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Windows set to remove Win + C shortcut in favor of “Copilot Key” to potentially drive sales

Older Copilot PCs are getting a small but noticeable downgrade
Last Updated on June 21, 2024
Removed shortcut is the latest victim of Copilot+ implementation
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With the arrival of Microsoft’s new Copilot+ PCs, Windows 11 is getting a full range of updates to bring older models up to speed with Copilot. In an interesting sales tactic, standard Copilot PCs are having their most convenient feature removed.

Patch notes between Windows 11 versions 23H2 and 24H2 reveal that the Win + C command shortcut that brings up the Copilot sidebar is set to be cut. Instead, Microsoft is reworking Copilot into a dedicated app like other standard Windows features. Unlike the new Copilot+ units – which have a dedicated Copilot button – you’ll now have to manually select the AI tools from your taskbar or Start menu. It’s being presented as a feature rather than a flaw by Microsoft, however, who said in their changelog that:

“As part of this update, we’re also evolving the Copilot experience on Windows as an app that will be pinned to the taskbar. This enables users to get the benefits of a traditional app experience, including the ability to resize, move, and snap the window – feedback we’ve heard from users throughout the preview of Copilot in Windows. This model also allows Microsoft to more agilely develop and optimize the experience based on user feedback. PLEASE NOTE: Managed commercial devices will not receive this new experience. This includes devices not running Windows 11 Home and are managed by an IT administrator.”

Source: Microsoft

How will this impact users?

What does this mean in practice? Very little, really: a few extra clicks to allow you to access Copilot is hardly a hardship. The underlying issue is with the practice it invokes, trading functionality for sales. If you can just as easily bring up Copilot on an older Windows 11 PC, then there’s less incentive to invest in a newer Copilot+ unit. Likewise, the lack of a sidebar makes it slightly less convenient to access. It’s a small change, but if one of your primary interests for your PC is the Copilot AI, then having a less robust version is going to take its toll. It’s certainly not going to improve Windows 11 uptake in other devices too, which is still severely undersubscribed compared to Windows 10.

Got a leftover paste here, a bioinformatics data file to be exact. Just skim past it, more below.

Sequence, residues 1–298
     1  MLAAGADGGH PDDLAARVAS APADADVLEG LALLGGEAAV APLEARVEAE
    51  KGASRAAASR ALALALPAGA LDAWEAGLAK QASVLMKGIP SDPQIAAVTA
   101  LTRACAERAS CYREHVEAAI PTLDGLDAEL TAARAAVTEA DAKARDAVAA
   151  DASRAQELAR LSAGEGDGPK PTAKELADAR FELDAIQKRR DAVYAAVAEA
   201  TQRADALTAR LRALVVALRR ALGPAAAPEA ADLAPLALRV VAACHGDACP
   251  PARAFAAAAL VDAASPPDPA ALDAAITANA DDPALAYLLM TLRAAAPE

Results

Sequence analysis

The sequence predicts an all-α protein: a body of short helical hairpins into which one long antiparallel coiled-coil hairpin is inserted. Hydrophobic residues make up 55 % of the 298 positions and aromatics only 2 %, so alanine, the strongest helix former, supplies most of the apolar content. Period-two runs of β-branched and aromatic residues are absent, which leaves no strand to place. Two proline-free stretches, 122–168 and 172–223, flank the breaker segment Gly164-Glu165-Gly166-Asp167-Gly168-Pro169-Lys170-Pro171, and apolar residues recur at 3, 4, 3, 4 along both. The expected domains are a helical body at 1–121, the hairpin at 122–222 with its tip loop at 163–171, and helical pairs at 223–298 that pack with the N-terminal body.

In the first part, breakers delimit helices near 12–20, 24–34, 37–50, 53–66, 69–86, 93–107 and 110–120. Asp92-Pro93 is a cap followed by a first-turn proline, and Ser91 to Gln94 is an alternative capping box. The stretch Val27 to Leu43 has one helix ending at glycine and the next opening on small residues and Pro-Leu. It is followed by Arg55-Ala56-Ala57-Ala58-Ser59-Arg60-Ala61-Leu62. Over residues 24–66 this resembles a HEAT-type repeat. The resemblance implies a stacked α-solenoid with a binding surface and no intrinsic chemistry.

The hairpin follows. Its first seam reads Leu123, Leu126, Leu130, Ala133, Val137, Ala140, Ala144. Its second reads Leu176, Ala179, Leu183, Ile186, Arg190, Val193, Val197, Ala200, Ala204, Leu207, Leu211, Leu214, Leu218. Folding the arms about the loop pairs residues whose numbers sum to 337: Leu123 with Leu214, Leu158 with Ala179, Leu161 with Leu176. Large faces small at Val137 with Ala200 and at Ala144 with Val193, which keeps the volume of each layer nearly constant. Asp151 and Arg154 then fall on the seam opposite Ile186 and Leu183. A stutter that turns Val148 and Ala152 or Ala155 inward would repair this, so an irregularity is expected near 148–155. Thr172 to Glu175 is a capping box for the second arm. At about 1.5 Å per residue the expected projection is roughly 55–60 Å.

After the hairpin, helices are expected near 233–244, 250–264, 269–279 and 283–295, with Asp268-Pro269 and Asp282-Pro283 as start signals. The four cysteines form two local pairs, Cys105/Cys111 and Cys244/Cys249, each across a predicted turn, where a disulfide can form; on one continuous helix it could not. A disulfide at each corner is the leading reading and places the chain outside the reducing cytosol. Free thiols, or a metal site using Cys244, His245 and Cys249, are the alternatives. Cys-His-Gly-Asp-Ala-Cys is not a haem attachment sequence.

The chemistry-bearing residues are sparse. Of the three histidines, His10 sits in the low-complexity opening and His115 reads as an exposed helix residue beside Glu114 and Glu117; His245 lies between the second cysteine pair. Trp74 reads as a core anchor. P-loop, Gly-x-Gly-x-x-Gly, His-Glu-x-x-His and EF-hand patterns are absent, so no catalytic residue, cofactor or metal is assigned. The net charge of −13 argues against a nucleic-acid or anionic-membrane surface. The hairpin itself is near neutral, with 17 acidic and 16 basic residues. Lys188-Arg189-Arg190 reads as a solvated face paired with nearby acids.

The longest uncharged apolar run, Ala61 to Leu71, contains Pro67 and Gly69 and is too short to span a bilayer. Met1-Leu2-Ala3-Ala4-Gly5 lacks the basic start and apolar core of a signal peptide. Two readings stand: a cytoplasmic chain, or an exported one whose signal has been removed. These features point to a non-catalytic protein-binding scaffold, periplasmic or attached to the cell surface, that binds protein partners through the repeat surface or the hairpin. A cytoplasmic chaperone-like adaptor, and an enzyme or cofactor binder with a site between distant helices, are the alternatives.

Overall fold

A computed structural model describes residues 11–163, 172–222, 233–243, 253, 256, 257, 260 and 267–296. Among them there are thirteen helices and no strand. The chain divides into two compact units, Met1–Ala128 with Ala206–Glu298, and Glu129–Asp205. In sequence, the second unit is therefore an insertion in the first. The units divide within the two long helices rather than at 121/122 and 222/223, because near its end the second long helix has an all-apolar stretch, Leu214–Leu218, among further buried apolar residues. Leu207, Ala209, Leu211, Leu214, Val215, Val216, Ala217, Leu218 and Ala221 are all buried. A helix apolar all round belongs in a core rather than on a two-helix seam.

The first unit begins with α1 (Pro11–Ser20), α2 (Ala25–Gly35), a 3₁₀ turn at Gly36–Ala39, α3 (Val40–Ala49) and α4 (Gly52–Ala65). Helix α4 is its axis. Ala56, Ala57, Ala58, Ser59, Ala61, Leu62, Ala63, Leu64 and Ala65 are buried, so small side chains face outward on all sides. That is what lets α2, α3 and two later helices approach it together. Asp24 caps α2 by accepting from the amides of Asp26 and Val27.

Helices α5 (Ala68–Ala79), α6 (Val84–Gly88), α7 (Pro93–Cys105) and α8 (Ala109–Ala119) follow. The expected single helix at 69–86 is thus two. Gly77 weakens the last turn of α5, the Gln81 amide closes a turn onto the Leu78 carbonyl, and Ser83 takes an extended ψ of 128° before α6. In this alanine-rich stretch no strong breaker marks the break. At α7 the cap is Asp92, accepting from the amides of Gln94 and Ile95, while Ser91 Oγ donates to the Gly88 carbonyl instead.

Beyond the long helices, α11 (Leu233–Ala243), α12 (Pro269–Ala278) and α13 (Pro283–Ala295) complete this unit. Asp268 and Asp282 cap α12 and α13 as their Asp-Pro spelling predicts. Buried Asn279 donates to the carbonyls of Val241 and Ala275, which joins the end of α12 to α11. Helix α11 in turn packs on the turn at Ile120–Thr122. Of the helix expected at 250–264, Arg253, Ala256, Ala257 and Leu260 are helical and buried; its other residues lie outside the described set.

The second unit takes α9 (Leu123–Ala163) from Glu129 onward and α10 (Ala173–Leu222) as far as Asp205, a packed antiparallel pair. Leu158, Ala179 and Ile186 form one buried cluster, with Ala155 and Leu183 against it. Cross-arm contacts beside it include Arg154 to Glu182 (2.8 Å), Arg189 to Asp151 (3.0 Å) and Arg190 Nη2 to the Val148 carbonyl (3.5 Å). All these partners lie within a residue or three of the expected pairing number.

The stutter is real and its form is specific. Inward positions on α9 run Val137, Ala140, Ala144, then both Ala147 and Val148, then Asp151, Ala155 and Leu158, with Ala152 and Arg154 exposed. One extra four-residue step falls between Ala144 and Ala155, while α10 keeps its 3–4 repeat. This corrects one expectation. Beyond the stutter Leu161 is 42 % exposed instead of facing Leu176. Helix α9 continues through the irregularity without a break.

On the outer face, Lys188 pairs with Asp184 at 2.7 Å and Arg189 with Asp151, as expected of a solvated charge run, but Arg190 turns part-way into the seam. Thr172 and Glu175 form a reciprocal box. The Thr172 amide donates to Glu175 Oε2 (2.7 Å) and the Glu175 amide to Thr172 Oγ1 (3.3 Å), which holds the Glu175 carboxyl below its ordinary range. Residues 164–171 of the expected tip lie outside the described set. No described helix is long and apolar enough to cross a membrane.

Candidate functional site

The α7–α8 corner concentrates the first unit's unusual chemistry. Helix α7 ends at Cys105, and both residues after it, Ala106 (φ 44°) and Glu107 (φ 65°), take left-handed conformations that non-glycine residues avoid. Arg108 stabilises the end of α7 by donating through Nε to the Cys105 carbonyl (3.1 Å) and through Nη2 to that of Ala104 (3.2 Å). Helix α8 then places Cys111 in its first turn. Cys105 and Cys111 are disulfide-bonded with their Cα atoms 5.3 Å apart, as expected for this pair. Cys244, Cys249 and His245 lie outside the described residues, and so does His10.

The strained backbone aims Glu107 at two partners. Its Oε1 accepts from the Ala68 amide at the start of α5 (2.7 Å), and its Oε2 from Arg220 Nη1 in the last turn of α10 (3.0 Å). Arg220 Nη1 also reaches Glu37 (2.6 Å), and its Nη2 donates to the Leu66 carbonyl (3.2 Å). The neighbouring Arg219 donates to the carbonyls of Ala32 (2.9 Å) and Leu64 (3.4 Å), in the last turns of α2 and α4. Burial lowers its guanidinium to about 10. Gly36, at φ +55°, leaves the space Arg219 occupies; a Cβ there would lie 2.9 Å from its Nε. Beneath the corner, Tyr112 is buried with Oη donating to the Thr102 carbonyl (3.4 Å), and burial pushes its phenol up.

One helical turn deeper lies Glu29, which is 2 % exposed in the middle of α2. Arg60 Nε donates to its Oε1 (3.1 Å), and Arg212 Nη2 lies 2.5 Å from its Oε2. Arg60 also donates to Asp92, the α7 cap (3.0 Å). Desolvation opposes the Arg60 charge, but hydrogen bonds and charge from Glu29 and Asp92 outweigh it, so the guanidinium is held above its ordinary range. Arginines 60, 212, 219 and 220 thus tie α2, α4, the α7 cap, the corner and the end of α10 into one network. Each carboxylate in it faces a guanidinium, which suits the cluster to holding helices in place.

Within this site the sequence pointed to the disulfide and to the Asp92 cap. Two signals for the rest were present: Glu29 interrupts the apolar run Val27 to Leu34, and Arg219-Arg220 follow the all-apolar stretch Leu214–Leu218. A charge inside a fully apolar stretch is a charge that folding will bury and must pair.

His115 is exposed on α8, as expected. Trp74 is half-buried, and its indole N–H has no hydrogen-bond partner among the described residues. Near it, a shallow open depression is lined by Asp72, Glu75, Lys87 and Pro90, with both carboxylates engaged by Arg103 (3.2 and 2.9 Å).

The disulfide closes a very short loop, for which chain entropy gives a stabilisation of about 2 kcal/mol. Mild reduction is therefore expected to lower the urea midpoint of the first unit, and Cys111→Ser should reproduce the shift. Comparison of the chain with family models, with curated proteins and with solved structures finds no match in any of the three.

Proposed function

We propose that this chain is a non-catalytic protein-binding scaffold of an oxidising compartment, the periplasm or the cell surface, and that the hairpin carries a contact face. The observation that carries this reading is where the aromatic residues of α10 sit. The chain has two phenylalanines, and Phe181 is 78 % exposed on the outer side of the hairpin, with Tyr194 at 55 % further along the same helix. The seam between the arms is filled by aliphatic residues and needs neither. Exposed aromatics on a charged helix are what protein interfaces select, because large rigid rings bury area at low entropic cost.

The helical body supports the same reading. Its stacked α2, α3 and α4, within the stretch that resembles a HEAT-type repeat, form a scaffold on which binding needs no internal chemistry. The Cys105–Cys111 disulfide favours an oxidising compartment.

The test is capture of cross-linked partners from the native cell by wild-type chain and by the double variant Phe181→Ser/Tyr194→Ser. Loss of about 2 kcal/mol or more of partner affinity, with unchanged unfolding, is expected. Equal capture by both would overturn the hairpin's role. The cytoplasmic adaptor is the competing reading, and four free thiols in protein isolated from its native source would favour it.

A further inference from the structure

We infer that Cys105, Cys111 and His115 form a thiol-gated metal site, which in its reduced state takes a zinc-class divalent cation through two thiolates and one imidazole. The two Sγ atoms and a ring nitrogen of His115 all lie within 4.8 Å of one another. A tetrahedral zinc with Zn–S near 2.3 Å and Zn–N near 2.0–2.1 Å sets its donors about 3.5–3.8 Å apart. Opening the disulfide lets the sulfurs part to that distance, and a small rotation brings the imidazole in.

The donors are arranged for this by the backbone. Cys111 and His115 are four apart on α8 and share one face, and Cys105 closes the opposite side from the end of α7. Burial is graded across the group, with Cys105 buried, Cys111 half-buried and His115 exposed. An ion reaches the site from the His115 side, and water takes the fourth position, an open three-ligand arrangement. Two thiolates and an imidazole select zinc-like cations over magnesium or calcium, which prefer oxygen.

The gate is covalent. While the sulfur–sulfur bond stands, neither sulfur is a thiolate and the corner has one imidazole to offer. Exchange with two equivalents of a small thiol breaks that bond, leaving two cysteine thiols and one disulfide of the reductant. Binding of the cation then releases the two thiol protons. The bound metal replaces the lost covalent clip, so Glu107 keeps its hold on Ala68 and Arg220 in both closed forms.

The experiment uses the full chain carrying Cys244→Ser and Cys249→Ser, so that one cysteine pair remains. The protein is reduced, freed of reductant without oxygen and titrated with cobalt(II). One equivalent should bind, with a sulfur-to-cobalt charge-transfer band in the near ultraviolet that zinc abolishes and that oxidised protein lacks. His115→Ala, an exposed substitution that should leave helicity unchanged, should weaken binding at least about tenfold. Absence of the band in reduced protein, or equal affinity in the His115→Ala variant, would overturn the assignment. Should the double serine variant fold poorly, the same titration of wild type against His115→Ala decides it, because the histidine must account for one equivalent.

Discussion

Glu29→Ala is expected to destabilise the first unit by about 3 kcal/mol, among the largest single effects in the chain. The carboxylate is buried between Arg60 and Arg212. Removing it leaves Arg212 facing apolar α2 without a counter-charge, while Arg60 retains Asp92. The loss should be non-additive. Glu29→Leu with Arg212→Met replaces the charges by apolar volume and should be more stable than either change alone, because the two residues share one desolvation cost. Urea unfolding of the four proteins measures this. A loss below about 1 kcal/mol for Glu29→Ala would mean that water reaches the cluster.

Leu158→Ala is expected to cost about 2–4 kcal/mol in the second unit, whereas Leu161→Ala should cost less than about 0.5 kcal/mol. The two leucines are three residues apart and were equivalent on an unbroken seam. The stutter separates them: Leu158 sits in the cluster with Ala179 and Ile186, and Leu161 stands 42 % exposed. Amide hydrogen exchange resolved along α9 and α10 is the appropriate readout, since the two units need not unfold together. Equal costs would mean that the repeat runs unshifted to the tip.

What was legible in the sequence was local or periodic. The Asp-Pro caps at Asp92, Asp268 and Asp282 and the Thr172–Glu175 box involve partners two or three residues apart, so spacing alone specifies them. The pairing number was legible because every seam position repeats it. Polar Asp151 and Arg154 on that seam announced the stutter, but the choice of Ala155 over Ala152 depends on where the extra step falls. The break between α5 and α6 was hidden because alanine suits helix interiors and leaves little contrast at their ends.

The update is still in beta rather than being formally released, so members of the Windows Insider Program are currently testing the features before they go live. It’s a very corporate decision, however. If you were thinking of investing in a Copilot-running Windows PC, be aware that it’s going to be that fraction less convenient from here on out.

Angus Warrender is a PCGuide Writer and Editor. He's interested in a range of tech, from cameras to consoles, and has an eye for spotting the best products on the market!